Beyond the headline figures: Newcastle United's accounts offer takeover, furlough, pay and spending insights

The cost of the coronavirus pandemic is laid out in Newcastle United’s latest accounts.

St James's Park.
St James's Park.

Behind-closed-doors football cost the club tens of millions of pounds in the extended accounting period which ran to July 31 last year.

The club, set to spend more than £20million on Joe Willock, posted an operating loss of £54million (the loss after tax was £22.5million). Matchday revenue was down 30%, while wages, at £121million, were up 20%, though this partly reflected an extra month’s wages.

Newcastle spent £76million on players, and recouped £30million from player sales. Owner Mike Ashley’s loan to the club stands at £106.9million.

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The accounts stated: "These financial results do not reflect a ‘normal’ year for the group.”

Beyond these headline figures, there was a lot for fans to digest.

Takeover silence

The accounts make reference to the ongoing efforts to resurrect a proposed £300million sale to a consortium led by Amanda Staveley which includes Saudi Arabia’s Public Investment Fund.

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The accounts state: "Legal proceedings are ongoing between Newcastle United and the Premier League.

"The club has challenged the Premier League's decisions concerning a proposed takeover that involves the Public Investment Fund. The proceedings are are confidential in nature.”

Charnley’s pay rise

One line in the accounts which stood out concerned the wage of the club’s highest-paid (and only) director, Lee Charnley.

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Charnley took home a salary of £267,000 in 2018/19, and this was on the low side in Premier League terms.

However, the club’s managing director – who doesn’t speak to the media – has had a significant pay rise. For the latest period, he took home £675,000. This figure reflects a 13-month period, of course, but even when that is factored in, Charnley’s wage has more than doubled.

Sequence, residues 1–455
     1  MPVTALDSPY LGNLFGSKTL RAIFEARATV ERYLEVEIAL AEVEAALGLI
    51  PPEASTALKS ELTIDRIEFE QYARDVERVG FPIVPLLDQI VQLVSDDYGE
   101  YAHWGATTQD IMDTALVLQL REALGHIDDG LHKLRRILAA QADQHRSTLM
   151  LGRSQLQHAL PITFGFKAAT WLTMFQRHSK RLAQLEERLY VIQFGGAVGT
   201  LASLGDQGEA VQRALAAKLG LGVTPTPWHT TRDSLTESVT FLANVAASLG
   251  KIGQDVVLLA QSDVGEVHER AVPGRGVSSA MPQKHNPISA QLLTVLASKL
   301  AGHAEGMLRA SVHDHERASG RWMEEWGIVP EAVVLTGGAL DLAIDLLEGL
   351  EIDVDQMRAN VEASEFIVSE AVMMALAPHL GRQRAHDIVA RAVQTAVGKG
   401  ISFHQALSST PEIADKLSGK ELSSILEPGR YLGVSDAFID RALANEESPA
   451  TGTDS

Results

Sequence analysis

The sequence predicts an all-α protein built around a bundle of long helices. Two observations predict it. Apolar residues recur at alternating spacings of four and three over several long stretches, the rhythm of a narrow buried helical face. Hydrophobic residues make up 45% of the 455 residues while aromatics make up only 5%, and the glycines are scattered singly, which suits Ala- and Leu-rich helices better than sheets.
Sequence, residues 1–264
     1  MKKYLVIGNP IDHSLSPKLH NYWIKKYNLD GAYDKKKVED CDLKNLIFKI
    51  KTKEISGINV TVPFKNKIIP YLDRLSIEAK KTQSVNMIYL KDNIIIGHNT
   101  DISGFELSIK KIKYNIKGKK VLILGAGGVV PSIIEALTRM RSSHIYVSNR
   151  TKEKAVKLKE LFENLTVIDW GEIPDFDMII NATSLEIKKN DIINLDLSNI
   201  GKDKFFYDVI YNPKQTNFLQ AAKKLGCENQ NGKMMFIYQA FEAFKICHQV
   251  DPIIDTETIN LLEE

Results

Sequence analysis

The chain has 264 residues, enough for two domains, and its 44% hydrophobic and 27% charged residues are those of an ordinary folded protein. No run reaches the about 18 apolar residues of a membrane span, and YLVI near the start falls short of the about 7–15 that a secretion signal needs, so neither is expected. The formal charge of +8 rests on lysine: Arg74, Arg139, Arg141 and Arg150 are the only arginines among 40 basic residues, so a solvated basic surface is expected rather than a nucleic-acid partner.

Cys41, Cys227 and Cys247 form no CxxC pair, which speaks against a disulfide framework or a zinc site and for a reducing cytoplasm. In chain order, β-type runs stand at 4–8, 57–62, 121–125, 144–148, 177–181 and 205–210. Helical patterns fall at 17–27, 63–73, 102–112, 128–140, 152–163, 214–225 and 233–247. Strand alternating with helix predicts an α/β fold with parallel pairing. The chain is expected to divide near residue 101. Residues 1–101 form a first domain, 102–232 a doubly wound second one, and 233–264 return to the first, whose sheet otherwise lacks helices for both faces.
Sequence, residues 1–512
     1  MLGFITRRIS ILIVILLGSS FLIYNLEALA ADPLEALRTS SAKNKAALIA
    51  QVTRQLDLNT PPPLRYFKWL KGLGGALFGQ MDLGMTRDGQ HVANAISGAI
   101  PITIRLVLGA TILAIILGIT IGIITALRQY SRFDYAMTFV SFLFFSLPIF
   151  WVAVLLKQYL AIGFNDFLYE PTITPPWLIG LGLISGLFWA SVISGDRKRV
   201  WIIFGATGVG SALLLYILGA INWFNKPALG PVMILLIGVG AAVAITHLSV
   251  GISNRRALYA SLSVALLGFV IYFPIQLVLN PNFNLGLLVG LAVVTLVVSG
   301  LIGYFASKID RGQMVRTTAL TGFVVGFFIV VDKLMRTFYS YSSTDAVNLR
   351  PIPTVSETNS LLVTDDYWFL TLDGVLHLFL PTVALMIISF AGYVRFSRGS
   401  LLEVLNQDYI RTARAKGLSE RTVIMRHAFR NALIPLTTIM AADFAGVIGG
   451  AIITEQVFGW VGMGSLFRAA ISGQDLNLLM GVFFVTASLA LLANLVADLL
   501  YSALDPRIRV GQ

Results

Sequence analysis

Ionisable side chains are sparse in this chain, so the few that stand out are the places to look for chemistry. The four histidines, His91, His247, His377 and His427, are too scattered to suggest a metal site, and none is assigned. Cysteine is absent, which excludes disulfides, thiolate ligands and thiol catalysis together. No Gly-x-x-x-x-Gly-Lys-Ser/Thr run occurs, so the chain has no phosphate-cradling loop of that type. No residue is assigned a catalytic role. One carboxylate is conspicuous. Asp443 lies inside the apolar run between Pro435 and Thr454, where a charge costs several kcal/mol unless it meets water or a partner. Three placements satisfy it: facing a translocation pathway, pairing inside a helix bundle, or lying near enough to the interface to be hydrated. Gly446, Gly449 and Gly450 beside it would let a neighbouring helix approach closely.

Infrastructure spending

Three years ago, photographs were circulated online of peeling paint and damp patches at St James’s Park.

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United fans had long poked fun at Stadium of Light’s pink seats, but it seemed that their own stadium was in need of a facelift.

The club, at the time, insisted that St James’s Park was well-maintained, though the latest figures underline how little, comparatively, is spent by Newcastle on infrastructure.

United spent just £200,000 on infrastructure in 2019/20. The club has spent a “feeble” £11million on infrastructure under Ashley up to last July, according to analysis from Swiss Ramble.

Newcastle, of course, revealed plans for a “stunning new state-of-the-art training complex” in 2013, but the old building was instead updated.

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Furlough money

There was a backlash when Liverpool and Tottenham Hotspur furloughed non-playing staff using the Government’s Coronavirus Job Retention Scheme.

They reversed their decisions last year during the first lockdown.

However, Newcastle were undeterred, and the club took advantage of the scheme, which paid 80% of the wages of furloughed staff.

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The latest accounts revealed that United claimed almost £1.2million from the scheme during the accounting period.

Static commercial revenue

The club’s commercial revenue has been more or less flat under Ashley’s ownership.

United’s commercial and “other” income totalled just over £29million in 2019/20, and this is only a slight increase on the figure from 2007, when Ashley bought the club.

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Newcastle have been left behind by the Premier League’s bigger clubs, and, over the latest period, Brighton and Hove Albion, Leicester City and West Ham United pulled in more money from their commercial operations.

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